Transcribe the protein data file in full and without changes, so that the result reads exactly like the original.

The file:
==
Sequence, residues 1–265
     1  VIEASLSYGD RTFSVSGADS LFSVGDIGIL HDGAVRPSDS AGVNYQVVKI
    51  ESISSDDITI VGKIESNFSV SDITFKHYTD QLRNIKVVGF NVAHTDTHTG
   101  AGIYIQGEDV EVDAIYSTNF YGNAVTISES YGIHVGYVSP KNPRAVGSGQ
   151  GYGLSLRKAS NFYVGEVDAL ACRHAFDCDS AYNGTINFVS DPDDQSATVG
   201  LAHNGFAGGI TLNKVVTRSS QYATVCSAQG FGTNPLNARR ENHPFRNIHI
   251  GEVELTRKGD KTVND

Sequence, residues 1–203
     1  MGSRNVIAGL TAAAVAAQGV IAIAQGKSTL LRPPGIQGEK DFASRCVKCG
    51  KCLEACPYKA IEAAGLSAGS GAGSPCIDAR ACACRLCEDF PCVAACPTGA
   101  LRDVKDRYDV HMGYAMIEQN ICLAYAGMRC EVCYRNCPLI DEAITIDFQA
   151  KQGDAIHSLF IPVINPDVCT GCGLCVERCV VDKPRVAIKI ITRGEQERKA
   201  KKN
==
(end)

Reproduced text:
Sequence, residues 1–265
     1  VIEASLSYGD RTFSVSGADS LFSVGDIGIL HDGAVRPSDS AGVNYQVVKI
    51  ESISSDDITI VGKIESNFSV SDITFKHYTD QLRNIKVVGF NVAHTDTHTG
   101  AGIYIQGEDV EVDAIYSTNF YGNAVTISES YGIHVGYVSP KNPRAVGSGQ
   151  GYGLSLRKAS NFYVGEVDAL ACRHAFDCDS AYNGTINFVS DPDDQSATVG
   201  LAHNGFAGGI TLNKVVTRSS QYATVCSAQG FGTNPLNARR ENHPFRNIHI
   251  GEVELTRKGD KTVND

Sequence, residues 1–203
     1  MGSRNVIAGL TAAAVAAQGV IAIAQGKSTL LRPPGIQGEK DFASRCVKCG
    51  KCLEACPYKA IEAAGLSAGS GAGSPCIDAR ACACRLCEDF PCVAACPTGA
   101  LRDVKDRYDV HMGYAMIEQN ICLAYAGMRC EVCYRNCPLI DEAITIDFQA
   151  KQGDAIHSLF IPVINPDVCT GCGLCVERCV VDKPRVAIKI ITRGEQERKA
   201  KKN